Emotional connectedness

Discussions about negotiating relationships between faithful LDS believers and the apostates who love them. This applies in particular to mixed-faith marriages, but relations with children, parents, siblings, friends, and ward members is very welcome.
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Angel
Posts: 58
Joined: Thu May 31, 2018 8:26 am

Emotional connectedness

Post by Angel » Sun Jun 03, 2018 10:36 am

My DH and I are both balancing on the fence. Last weekend both of us were called to talk with the Bishop - not knowing what about... Bishop wanted to give us temple recommends back, and we both turned him down. I was relieved my DH refused to get his TR, had hopes of taking a new faith journey together, was so happy, felt closer to him through that than ever before... then today now it sounds like he wants to go TBM again? I chose not to spend the day depressed. I will not hold myself to these expectations. Do I try to "convert" him into embracing and enjoying the human experience? Or support his need for becoming active again?

Another weepy testimony meeting.. I am choosing not to cry, I am choosing to be happy. Happiness is not holding unrealistic expectations for myself or anyone else.
When it is dark enough, you can see the stars. ~ Ralph Waldo Emerson

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crossmyheart
Posts: 238
Joined: Mon Apr 24, 2017 6:02 am
Location: Where the wind comes sweeping down the plain

Re: Emotional connectedness

Post by crossmyheart » Sun Jun 03, 2018 10:59 am

This whole experience is an emotional roller coaster. I remember flip-flopping a lot in the beginning. But it didn't take long for me to read my way out of belief. My DH on the other hand is not much of a reader- he still things the church is a nice place to be and isn't interested in the details. He is probably closer to the definition of a Jack-Mormon. He flip flops regularly- he likes staying home on Sundays and having family activities, but on occasion he yearns for the spiritual uplift and community. I am not going to deny him that- so we have worked out a comfortable medium. Sometimes we go to church, but most often we don't. I think so far this year we have gone 4 or 5 times.

The process that has worked best for me is to let him decide whether we go to church or an activity or not. I used to think we would both get out together, but I have found he may never reach the same level of unbelief. I still love him and want him to find his own path. What matters is that we are working on it together. Not everyone on this site has that level of openness.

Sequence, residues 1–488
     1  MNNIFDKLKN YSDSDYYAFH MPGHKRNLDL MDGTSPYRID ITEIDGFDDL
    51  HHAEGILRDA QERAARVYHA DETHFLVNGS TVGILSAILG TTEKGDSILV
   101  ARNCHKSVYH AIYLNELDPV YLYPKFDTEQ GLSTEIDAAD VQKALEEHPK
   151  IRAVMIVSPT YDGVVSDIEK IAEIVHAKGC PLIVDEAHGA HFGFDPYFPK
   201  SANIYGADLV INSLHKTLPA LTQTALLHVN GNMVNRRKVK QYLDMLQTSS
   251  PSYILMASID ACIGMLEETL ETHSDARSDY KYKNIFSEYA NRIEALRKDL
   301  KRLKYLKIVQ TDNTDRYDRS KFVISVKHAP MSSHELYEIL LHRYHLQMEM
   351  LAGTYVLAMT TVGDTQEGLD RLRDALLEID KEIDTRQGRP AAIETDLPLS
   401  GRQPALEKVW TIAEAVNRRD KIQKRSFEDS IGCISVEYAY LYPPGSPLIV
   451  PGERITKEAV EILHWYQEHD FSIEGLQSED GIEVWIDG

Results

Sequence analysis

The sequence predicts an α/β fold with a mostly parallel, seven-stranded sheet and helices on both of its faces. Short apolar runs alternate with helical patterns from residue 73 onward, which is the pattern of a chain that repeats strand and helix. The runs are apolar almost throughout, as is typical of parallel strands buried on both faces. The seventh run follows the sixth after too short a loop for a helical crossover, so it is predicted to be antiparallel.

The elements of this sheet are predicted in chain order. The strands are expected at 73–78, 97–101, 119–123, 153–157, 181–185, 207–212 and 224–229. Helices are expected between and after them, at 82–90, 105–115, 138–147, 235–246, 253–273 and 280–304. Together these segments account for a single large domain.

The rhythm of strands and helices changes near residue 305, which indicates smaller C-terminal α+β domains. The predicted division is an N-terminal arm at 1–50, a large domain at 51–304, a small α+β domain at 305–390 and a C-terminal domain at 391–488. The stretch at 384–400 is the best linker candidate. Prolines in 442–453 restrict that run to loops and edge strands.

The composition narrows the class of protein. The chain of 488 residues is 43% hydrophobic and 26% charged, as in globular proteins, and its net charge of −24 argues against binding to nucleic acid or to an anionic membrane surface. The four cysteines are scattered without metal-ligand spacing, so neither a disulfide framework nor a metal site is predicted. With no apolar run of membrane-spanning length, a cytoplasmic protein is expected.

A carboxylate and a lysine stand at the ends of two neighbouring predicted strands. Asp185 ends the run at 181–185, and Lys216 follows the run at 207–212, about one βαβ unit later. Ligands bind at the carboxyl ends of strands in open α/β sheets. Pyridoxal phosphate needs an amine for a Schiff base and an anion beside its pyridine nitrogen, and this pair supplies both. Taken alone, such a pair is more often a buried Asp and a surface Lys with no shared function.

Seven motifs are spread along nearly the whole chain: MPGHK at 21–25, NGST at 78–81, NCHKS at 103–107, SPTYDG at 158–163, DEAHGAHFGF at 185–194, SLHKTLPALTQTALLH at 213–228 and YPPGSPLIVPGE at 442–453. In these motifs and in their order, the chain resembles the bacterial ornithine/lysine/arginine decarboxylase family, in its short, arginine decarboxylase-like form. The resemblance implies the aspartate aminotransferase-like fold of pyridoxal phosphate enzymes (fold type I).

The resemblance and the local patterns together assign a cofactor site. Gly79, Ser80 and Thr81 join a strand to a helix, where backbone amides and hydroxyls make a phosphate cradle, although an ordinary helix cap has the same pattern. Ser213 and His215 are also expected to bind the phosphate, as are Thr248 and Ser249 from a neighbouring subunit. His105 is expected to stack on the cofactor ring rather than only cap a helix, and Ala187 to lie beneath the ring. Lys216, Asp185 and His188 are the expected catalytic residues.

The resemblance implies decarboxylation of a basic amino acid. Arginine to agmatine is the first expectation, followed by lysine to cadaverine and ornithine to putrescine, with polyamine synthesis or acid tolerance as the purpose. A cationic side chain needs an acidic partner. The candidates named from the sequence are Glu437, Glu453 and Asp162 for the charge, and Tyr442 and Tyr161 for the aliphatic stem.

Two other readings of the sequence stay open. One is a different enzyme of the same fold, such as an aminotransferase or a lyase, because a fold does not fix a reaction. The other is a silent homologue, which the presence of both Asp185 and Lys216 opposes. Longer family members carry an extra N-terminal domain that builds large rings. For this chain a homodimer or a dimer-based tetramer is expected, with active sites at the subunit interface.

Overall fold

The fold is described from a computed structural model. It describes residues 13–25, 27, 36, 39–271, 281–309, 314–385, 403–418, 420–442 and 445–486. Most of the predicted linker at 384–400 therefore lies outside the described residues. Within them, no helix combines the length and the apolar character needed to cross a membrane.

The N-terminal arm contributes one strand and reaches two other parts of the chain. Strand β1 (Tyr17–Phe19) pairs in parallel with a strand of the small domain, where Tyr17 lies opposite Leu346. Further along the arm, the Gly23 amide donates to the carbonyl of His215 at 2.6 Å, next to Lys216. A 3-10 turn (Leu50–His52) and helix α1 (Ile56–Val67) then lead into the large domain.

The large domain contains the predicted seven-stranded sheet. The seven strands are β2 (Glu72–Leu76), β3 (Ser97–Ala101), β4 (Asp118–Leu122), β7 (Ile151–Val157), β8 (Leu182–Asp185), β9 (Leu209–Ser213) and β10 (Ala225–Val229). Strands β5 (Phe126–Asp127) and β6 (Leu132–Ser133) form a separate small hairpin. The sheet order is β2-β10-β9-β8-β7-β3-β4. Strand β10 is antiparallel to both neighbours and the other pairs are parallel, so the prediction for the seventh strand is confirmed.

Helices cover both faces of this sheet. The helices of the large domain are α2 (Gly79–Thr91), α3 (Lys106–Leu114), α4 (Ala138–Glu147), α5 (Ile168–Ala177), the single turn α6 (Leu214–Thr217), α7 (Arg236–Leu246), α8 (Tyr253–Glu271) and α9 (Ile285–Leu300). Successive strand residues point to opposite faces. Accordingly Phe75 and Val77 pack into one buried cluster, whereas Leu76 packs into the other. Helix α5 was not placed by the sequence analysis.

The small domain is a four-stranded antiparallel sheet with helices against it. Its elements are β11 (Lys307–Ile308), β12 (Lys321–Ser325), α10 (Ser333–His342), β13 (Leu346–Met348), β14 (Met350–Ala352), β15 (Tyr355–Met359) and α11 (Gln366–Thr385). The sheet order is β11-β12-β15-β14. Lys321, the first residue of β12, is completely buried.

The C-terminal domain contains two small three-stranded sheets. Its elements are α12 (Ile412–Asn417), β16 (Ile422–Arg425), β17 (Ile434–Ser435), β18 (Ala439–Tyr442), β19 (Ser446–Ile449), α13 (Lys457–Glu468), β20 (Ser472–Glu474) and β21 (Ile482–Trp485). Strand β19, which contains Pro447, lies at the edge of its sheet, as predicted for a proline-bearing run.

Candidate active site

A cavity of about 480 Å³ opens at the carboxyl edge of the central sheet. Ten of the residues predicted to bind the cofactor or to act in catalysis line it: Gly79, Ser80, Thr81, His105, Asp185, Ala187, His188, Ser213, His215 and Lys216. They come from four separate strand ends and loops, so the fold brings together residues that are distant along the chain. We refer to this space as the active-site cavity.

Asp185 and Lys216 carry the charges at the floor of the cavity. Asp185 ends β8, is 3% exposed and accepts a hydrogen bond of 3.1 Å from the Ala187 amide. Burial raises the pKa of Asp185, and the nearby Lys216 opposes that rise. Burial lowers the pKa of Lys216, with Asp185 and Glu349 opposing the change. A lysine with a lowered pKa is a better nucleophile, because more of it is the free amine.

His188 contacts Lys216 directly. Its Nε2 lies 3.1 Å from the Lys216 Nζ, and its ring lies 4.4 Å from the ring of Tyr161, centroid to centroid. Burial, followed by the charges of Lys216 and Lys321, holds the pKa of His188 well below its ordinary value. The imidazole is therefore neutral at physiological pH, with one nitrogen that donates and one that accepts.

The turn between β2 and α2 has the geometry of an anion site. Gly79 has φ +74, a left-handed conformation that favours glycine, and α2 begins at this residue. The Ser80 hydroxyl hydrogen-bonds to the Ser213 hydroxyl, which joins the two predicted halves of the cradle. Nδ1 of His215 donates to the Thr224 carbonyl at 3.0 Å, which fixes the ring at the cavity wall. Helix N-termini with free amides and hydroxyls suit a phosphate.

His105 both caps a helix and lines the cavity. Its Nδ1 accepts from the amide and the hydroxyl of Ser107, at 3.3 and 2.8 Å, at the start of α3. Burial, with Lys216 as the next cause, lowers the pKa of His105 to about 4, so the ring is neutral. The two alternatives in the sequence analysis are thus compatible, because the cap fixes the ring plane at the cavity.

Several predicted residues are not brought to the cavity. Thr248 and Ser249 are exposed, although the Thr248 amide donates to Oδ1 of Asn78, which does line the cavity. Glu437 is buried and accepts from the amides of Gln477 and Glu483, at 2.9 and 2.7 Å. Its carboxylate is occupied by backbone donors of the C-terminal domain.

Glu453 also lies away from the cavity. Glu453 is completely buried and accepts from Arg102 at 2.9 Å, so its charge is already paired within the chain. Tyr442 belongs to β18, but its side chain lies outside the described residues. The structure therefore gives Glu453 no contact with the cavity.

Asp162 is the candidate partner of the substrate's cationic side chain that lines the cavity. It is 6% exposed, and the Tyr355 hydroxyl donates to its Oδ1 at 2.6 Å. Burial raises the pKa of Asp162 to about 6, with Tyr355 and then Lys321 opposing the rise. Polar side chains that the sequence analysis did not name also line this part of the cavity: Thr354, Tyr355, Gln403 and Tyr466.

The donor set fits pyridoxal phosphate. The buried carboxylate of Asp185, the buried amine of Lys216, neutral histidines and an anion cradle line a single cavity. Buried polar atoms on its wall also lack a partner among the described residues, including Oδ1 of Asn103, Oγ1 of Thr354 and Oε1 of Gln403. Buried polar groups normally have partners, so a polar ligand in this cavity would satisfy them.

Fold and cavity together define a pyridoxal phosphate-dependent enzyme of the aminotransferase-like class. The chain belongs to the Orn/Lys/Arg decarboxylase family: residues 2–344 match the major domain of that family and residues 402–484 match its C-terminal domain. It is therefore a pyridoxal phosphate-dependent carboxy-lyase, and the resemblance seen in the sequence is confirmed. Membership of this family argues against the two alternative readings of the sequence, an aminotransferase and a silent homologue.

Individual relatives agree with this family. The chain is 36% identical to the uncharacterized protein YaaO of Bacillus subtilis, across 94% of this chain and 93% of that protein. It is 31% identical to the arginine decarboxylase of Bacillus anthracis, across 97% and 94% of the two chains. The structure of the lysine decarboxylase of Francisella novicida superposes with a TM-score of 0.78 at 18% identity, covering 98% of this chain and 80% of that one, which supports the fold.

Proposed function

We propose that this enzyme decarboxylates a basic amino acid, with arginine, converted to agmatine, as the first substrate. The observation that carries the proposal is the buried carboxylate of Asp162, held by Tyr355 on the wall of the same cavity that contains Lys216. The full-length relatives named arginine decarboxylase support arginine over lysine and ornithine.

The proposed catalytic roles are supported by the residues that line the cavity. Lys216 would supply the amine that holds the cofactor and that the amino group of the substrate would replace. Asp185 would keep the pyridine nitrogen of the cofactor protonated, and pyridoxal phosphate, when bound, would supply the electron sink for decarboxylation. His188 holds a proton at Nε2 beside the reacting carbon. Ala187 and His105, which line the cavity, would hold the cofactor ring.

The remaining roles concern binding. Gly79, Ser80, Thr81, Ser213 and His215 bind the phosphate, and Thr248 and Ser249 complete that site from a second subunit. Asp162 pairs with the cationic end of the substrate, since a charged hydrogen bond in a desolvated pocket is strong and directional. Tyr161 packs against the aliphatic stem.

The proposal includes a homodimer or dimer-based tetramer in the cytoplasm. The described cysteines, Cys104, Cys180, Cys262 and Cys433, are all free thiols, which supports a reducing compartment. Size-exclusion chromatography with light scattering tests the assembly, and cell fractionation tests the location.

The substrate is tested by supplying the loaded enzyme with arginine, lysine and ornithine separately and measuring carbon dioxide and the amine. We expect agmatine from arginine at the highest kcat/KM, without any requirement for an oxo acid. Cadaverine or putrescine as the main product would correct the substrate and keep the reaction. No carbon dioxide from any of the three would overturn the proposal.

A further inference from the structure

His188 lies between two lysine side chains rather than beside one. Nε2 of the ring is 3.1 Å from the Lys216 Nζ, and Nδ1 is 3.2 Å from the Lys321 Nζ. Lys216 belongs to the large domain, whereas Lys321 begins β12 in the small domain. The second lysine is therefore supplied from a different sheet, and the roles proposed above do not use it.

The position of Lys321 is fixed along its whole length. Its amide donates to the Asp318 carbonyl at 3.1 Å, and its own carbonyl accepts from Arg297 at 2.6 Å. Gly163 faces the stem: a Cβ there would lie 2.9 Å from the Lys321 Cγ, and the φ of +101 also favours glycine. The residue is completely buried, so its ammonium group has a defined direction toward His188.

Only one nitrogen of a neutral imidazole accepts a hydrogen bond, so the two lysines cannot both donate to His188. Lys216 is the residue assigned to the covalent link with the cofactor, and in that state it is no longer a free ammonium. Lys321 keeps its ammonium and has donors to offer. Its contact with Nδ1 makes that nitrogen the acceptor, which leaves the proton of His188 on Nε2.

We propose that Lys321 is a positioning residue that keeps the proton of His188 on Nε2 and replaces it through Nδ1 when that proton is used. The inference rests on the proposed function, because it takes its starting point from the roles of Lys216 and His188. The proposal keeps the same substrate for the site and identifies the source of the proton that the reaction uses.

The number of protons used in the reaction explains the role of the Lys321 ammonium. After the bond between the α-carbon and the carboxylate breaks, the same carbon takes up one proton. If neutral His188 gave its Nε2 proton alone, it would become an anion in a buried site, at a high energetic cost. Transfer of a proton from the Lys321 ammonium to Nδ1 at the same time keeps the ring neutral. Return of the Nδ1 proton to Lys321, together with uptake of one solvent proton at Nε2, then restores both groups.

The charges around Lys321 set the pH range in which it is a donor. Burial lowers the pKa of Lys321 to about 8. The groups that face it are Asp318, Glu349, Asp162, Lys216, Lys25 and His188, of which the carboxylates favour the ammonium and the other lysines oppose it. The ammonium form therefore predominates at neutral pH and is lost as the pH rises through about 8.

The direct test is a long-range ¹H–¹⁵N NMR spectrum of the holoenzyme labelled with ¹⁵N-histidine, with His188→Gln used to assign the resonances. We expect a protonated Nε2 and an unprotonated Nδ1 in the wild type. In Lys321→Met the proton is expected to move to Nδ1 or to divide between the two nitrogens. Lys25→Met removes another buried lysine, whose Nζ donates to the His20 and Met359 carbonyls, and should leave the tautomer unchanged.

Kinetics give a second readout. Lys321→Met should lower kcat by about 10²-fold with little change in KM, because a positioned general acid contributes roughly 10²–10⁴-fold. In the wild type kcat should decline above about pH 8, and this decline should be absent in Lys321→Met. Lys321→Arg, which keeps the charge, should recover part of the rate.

Baby steps.

Margarita
Posts: 84
Joined: Sat May 06, 2017 4:21 pm

Re: Emotional connectedness

Post by Margarita » Thu Jun 14, 2018 11:08 am

Time to talk pros and cons...there has to be a reason for disaffection in the first place..and with that the knowledge that he has choices witout the church..that will be stifled within. I don't think you can play games..but some questions on why he wants to give up any choice? Keep us posted..I just lost a friend to suicide ..age 64..because she went back to this church. Hugs and love..let him know that outside the church that love, acceptance and tolerance..is so abundant and important.

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Angel
Posts: 58
Joined: Thu May 31, 2018 8:26 am

Re: Emotional connectedness

Post by Angel » Fri Jul 06, 2018 12:58 pm

Just an update - DH and I just registered for a Mormon Stories retreat - he is still trying to be active in the church, but he was also willing to go to the retreat with me which is wonderful. We also have a large book collection... a library - he likes to collect nice copies of books, and he has started ordering other religious texts - the Tao Te Ching, the Koran, the Bhagavad-Gita (cannot get that one as a nice leather bound copy LOL). I am going very slowly and gently with him, not pushing anything even though I am so impatient - I so want to take this next spiritual journey. We will see what the retreat is like, and what he comes out of it with. Send prayers and good vibes our way that this will be a good experience for him.

Next up - the kids... our kids are TBM's...
When it is dark enough, you can see the stars. ~ Ralph Waldo Emerson

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